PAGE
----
MEMBERS of a murder trial jury have been praised for their role at one of the first cases to be heard for six months.

Trent Hutchinson was found guilty of murder by stabbing best friend Ollie Wells, 18, to death in Newhaven in January.

The 17-year-old was sentenced to life in prison, with a minimum term of 14 years for the killing.

Seven men and five women were in the jury who tried the case at Hove Crown Court.

Jury trials had been suspended at the end of March over fears of social distancing, and extra screens and rooms had to be found to allow jury trials to resume earlier this month.

Now judges and barristers are working through the backlog at the two courts available for jury trials.

Sarah Jones QC, prosecuting, told the jury: “You may wonder why, in the midst of a pandemic, why have you been summoned to come and do your public duty with such wide ranging consequences for the families of Ollie Wells and Trent Hutchinson.

“But having listened to the evidence as carefully and as closely as you have, you might think it would be a terrible loss if the jury is put out to pasture and the facts are decided by professionals.”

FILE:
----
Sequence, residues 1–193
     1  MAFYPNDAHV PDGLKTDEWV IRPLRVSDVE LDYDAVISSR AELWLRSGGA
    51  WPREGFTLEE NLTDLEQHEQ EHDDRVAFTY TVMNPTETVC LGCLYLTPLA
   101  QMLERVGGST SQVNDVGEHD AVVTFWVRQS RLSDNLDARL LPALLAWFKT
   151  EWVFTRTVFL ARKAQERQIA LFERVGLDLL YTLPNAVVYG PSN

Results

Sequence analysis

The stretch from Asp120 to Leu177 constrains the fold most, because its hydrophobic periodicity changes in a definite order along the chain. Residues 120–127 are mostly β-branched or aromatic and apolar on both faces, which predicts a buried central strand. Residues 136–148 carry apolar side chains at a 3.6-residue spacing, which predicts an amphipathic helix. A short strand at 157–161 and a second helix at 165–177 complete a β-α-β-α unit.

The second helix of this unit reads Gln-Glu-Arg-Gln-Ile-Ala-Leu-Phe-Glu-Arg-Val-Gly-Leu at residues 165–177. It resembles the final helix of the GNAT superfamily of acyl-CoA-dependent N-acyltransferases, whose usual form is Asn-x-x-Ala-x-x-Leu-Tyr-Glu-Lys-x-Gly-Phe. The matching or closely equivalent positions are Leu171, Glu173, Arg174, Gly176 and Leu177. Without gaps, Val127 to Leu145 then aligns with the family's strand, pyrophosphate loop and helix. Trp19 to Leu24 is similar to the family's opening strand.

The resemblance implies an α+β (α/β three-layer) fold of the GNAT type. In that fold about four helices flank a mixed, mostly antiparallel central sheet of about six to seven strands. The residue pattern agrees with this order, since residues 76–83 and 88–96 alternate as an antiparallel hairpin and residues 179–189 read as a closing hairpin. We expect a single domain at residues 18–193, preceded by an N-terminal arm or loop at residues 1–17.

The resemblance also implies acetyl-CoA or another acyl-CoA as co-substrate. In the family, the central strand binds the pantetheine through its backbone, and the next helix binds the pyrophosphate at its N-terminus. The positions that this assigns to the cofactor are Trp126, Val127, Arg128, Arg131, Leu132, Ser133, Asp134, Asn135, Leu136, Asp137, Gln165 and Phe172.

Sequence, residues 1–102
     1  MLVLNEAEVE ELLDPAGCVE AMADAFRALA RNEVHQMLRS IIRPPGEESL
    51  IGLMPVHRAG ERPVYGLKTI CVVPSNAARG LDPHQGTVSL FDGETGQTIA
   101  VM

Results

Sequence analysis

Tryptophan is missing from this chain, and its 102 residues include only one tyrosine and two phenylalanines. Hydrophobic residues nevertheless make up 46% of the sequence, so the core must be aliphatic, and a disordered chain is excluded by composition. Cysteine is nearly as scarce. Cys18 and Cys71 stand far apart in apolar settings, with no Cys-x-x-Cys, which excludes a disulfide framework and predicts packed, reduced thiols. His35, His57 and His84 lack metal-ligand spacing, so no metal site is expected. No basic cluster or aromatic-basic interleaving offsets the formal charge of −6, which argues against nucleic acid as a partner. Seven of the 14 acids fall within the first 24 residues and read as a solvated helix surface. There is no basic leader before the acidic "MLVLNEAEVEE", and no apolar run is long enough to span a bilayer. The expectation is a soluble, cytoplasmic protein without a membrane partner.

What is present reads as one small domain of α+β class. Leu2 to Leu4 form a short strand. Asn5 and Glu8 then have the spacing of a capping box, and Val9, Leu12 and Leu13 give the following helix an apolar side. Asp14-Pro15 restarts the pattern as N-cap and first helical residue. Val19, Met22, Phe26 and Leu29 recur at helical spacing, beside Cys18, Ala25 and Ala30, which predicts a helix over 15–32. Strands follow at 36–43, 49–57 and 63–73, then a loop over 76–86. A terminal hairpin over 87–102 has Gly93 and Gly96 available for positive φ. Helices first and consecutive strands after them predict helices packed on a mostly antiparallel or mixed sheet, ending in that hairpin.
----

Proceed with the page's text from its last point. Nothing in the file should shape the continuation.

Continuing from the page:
“We need people less used, and less hardened to the tragedies that come before our courts.”

“Rather we need people who more regularly find themselves in situations which continue to go wrong and have to talk to diffuse it. Experience like that, of relationships, having the common sense we do, living different lives.

The collective of 12 can all bring much from what you have heard to reach a verdict that means every one of you can feel pride in the criminal justice system, an open-minded hearing of the evidence.”

Judge Jeremy Gold QC told the jurors their safety was paramount during the case. At the end he said: “Thank you very much indeed for your help in this case.

“This was the first trial conducted here for many months due to Covid-19 restrictions, under rather different circumstances than it would have been otherwise.”

“We have the traditional jury trial in this country that goes back centuries. It has always been a fabric of democratic society.

“It is one of the few opportunities we have got as individuals to take part in the democratic process.

“I don’t know your view as to what it would be like and indeed whether it would happen at all when you received the summons in the middle of this Covid-19 crisis.

She added: “You have listened with great care in what has been, on any showing, a very distressing case.”